Fig.2: An illustration of RAND-PSGD. In each iteration t, a learner communicates to two randomly picked learners.

 

Accepting limited staleness leads to a very fast algorithm

To study how close RAND-PSGD is to the convergence speed of standard synchronous SGD (implemented via an AllReduce call) in a decentralized setting, we also proposed Delay-by-one Decentralized Parallel SGD, referred to as D1D-PSGD. In D1D-PSGD, we overlap the gradient calculation with an AllReduce on weights. The weights each learner uses to calculate gradients lag the AllReduced weights by precisely one iteration, thus the name Delay-by-one. D1D-PSGD characterizes the upper bound on convergence speed in a decentralized setting as the background weights averaging is achieved by a global AllReduce. One key difference between D1D and synchronous training is that each learner still works on slightly different weights due to asynchrony. This difference is important as it provides D1D enough system noise to avoid being trapped early in a poor local minimum when the batch size is large.

Figure 3 demonstrates that both RAND-PSGD and D1D-PSGD significantly improve the training quality when the number of learners grows from 16 to 64 for both ImageNet (upper panels) and SWB2000 (lower panels).

Fig. 3: Performance comparison of AD-PSGD, RAND-PSGD and D1D-PSGD on ImageNet (upper) and SWB2000 (lower). RAND-PSGD and D1D-PSGD converge at a similar speed and both are faster than AD-PSGD.

Fig. 3: Performance comparison of AD-PSGD, RAND-PSGD and D1D-PSGD on ImageNet (upper) and SWB2000 (lower). RAND-PSGD and D1D-PSGD converge at a similar speed and both are faster than AD-PSGD.

 

Impact on Business:

High Performance Computing

We conducted the distributed acoustic model training on SWB2000 using an IBM Power AC922 supercomputer. It has a node architecture similar to the current fastest supercomputer in the US, IBM Summit [5]. Each node is equipped with IBM POWER9 CPUs and NVIDIA Volta V100 GPUs, all connected together with NVIDIA’s high-speed NVLink dual links totaling 50GB/s bandwidth in each direction.

Each node contains 22 cores, 512GB of DDR4 memory, 96GB of High Bandwidth Memory (HBM2) for use by the accelerators, and is equipped with six GPUs. Nodes are connected with Mellanox EDR 100G Infiniband interconnect technology, and each node has a combined network bandwidth of 25GB/s. Each node is equipped with 500GB NVME storage. By using D1D-PSGD on an IBM supercomputer, we were able to train LSTM acoustic models on SWB2000 in less than two hours on 128 GPUs and still achieve competitive recognition performance, as recorded in Table 1. This demonstrates our algorithm can enable a world-class computing infrastructure to deliver world-class training results.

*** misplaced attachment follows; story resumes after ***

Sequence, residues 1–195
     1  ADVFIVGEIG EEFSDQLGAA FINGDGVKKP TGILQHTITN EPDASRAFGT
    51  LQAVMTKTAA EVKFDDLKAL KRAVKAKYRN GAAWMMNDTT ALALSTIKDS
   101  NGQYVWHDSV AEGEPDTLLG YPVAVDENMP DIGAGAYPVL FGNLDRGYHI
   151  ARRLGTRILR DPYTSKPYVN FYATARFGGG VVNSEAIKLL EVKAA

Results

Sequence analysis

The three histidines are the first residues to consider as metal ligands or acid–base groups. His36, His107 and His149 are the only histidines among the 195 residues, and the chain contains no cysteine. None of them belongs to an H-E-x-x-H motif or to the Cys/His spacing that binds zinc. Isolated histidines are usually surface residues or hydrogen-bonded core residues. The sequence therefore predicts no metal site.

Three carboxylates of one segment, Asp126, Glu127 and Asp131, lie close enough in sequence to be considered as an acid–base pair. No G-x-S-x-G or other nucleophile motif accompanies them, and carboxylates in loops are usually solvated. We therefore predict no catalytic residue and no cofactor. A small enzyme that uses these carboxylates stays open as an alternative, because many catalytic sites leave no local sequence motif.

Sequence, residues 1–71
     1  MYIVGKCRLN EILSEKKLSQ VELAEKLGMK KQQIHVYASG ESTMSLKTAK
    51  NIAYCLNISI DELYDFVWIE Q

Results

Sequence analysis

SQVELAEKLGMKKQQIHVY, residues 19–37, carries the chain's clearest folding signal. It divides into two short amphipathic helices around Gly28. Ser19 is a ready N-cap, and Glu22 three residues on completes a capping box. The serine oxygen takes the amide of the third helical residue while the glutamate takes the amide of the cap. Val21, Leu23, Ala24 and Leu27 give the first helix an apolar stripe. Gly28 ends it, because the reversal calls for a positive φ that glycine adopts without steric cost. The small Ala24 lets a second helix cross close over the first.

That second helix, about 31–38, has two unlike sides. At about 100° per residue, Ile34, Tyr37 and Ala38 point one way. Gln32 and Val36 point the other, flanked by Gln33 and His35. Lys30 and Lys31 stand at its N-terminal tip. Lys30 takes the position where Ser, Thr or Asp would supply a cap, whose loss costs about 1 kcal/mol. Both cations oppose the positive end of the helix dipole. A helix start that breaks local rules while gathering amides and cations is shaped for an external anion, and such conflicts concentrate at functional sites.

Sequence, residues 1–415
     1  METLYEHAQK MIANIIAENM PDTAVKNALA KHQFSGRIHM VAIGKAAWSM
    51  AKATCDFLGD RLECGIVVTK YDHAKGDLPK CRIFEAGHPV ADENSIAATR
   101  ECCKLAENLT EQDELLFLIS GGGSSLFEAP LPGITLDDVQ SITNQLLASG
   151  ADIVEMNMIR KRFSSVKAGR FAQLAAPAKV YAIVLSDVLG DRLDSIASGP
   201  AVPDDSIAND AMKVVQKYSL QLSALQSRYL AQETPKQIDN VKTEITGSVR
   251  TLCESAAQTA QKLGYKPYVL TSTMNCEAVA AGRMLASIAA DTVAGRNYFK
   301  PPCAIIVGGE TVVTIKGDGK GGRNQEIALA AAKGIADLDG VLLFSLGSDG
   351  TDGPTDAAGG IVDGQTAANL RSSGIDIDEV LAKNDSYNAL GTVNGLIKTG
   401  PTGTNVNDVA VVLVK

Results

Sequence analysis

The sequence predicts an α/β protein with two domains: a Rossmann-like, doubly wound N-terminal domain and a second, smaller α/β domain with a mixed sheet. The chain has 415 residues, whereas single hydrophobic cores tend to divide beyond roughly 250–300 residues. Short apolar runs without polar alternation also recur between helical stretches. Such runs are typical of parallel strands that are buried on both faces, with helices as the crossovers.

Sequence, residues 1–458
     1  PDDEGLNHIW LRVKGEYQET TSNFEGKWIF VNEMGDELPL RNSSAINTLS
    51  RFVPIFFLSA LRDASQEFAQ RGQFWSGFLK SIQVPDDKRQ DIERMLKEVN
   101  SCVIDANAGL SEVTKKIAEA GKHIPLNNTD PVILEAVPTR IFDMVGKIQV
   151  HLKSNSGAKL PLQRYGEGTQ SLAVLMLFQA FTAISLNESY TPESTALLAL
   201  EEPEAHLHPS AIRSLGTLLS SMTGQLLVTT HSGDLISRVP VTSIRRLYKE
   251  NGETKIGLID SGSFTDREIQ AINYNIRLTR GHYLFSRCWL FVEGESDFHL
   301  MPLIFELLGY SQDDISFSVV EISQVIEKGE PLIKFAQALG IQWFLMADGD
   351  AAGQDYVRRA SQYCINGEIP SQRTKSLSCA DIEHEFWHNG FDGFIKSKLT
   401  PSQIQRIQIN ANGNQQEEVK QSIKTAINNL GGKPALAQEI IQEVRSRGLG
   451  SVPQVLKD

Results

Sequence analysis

Table 1: WER/Time after 16 epochs for D1D-PSGD.

Table 1: WER/Time after 16 epochs for D1D-PSGD.

Cloud Computing

While D1D-PSGD is a good choice for HPC environments, such as IBM’s supercomputer, for deployments on heterogeneous computing platforms, such as a cloud with various types of machines, AD-PSGD or RAND-PSGD is the preferred choice, as neither algorithm requires global synchronization, and both avoid the straggler problem faced by synchronous methods. We summarize the key comparisons between AD-PSGD, RAND-PSGD and D1D-PSGD in Table 2.

Table 2: Convergence and Cloud-friendliness comparison between AD-PSGD, RAND-PSGD and D1D-PSGD

Table 2: Convergence and Cloud-friendliness comparison between AD-PSGD, RAND-PSGD and D1D-PSGD

Application to other tasks

Our underlying technique is not limited to ASR tasks and is widely applicable to other tasks (e.g., CV, NLP). Furthermore, our system is inherently decentralized and naturally friendly to tasks where training data cannot be shared (i.e. due to privacy concerns) across learners. Lastly, our system is asynchronous, which works particularly well when there is workload imbalance across learners.

 

[1] Accurate, Large Minibatch SGD:Training ImageNet in 1 Hour

[2] Large Batch Optimization for Deep Learning: Training BERT in 76 minutes (ICLR 2020)

[3] Improving Efficiency in Large-Scale Decentralized Distributed Training (ICASSP 2020)

[4] Asynchronous Decentralized Parallel Stochastic Gradient Descent (ICML 2018)

[5] Distributed Deep Learning Strategies For Automatic Speech Recognition (ICASSP 2019)

[6] A Highly Efficient Distributed Deep Learning System For Automatic Speech Recognition (INTERSPEECH 2019)

[7] Top500 June 2020 listing website

Research Staff Member, IBM Research

Xiaodong Cui

Research Staff Member, IBM Research

Brian Kingsbury

Distinguished Research Staff Member, IBM Research